This brought to mind the tragic life of my PNG brother, Gus.

Gus was living in a secure complex in Port Moresby some years ago and had got up early around dawn, one morning to take his wife and children to the airport. He had some security downstairs, but he heard two of the ‘rascals’ climbing over the balcony to enter upstairs where he and his family were. They would most likely have killed them in the process of stealing their possessions.

Gus a giant of a man both physically and spiritually, went out on to the balcony and fought with them. In the process he ended up knocking one of the men over the balcony and the man died.

When I next met up with Gus after this tragic event and some time had passed, Gus was still struggling with the reality that he had killed another human being. Even though he had, in all likelihood saved his wife and beautiful young children, he still found it difficult to live with. He may have been ‘morally right’ but that did not make his involvement in the tragic loss of a man’s life easy to bear.

Gus went on to do an incredible job of raising his daughter and three sons and then before he had reached the age of 40, with his eldest girl, Yuana still only around 16, Gus had a heart-attack at work and died.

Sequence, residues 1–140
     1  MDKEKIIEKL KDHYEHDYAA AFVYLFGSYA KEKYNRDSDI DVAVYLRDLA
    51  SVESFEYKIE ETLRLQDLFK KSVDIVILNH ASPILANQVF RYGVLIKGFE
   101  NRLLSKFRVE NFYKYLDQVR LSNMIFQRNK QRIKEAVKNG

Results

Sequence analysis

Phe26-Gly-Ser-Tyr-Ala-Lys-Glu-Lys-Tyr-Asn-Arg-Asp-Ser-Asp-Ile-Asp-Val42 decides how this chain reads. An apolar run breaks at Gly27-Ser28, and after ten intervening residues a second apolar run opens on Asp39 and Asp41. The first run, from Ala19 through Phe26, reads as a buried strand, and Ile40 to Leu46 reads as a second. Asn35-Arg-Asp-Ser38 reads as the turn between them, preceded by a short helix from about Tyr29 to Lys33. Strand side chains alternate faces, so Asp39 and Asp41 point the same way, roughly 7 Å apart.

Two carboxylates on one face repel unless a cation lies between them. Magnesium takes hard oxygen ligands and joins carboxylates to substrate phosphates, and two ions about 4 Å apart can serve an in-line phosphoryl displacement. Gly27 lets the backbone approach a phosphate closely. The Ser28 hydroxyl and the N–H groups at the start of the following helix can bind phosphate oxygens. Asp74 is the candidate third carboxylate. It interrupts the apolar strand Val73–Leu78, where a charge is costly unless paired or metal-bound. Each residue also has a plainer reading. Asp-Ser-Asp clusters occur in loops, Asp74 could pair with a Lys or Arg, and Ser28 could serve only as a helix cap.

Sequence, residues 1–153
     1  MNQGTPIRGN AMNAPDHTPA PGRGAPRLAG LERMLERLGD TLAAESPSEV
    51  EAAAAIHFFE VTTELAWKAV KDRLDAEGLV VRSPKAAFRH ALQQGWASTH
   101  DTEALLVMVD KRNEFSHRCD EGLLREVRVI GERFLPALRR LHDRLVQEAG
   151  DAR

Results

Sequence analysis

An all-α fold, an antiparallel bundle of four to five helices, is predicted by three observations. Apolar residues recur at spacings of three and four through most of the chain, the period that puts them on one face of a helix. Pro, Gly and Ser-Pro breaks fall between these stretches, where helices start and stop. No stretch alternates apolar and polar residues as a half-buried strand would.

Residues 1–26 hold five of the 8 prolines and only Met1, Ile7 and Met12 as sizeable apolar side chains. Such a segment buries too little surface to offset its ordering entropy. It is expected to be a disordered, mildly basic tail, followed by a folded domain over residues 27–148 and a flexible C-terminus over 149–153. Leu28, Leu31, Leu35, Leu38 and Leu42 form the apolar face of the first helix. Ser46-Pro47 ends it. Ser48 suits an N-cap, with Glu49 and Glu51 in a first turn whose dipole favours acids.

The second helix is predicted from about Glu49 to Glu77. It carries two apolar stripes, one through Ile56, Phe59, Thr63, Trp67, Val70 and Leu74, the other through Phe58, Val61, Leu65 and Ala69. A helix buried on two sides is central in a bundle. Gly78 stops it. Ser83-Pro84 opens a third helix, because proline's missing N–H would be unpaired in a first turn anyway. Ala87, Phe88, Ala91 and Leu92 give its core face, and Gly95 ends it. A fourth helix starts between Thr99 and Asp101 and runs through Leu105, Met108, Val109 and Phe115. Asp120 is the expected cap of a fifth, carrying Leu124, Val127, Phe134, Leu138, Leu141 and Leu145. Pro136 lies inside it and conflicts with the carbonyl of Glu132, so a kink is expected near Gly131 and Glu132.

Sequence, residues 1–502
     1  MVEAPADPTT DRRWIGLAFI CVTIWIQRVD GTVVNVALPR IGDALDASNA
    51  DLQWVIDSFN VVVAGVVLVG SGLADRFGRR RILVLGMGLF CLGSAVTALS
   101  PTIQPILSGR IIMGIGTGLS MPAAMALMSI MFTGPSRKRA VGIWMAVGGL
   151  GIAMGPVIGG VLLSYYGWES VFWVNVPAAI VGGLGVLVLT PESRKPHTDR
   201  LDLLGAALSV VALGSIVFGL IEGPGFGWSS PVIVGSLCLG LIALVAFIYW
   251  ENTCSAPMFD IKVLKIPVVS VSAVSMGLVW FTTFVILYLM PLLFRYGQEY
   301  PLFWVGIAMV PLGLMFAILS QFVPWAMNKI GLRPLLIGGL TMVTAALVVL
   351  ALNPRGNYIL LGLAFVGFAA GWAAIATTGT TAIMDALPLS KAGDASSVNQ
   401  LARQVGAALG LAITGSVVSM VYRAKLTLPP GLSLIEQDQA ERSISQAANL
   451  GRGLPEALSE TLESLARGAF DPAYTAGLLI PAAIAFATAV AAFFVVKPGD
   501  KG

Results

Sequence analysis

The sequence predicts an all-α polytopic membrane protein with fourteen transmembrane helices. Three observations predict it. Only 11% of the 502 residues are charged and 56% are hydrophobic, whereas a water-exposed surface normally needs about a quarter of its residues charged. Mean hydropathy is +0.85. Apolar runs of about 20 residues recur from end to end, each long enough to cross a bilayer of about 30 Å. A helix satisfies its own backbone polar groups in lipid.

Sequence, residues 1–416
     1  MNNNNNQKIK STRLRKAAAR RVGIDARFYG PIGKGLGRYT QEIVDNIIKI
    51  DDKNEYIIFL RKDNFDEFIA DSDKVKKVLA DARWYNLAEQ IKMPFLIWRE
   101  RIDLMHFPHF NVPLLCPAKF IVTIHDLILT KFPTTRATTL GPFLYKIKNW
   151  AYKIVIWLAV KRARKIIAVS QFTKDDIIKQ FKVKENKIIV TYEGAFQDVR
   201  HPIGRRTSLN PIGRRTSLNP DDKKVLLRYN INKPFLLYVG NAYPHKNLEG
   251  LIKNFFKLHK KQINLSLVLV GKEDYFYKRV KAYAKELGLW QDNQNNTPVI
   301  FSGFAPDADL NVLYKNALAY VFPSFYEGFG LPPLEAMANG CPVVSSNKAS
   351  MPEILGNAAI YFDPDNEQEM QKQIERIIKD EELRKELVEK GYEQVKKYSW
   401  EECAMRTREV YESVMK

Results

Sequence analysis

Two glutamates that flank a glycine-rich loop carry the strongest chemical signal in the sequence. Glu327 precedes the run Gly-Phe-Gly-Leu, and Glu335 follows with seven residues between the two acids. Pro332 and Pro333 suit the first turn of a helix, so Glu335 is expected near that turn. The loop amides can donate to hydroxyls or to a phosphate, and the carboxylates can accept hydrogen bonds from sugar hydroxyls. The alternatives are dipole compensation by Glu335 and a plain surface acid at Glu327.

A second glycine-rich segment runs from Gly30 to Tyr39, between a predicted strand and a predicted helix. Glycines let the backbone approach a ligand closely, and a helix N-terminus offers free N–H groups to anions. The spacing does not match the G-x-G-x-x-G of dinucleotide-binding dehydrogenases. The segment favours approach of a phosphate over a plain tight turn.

Receiving the news of his untimely passing was one of the most upsetting days of my life. The sun shines less brightly without the great impact of this man of God who was cherished by so many.

Rabbi Sacks writes a great article on this Torah Portion and this moral issue. In it he relates the mixed feelings that the Israeli soldiers had after the great victory of 1967 and quotes Yitzhak Rabin, the Chief of Staff during the war.

“We find more and more a strange phenomenon among our fighters. Their joy is incomplete, and more than a small portion of sorrow and shock prevails in their festivities, and there are those who abstain from celebration. The warriors in the front lines saw with their own eyes not only the glory of victory but the price of victory: their comrades who fell beside them bleeding, and I know that even the terrible price which our enemies paid touched the hearts of many of our men. It may be that the Jewish people has never learned or accustomed itself to feel the triumph of conquest and victory, and therefore we receive it with mixed feelings.”

 Sacks goes on to state: “A people capable of feeling distress, even in victory, is one that knows the tragic complexity of the moral life. Sometimes it is not enough to make the right choice. One must also fight to create a world in which such choices do not arise because we have sought and found non-violent ways of resolving conflict.”

What very wise words, but what a huge challenge, that today, after the UN vote to recognize the ‘State of Palestine’, seems even more challenging and further from resolution.

I recommend reading the whole of Rabbi Sack’s article on Aish –  http://www.aish.com/tp/i/sacks/180748221.html

For some insightful commentary on the UN vote I recommend these articles:

‘Into the Fray: Israel’s infuriating impotence’ By Martin Sherman


‘Accomplices in a campaign to annihilate a UN member’ By Shlomo Slonim


and ‘I Stand Ashamed that My Country Voted for the New Nazis’ by Giulio Meotti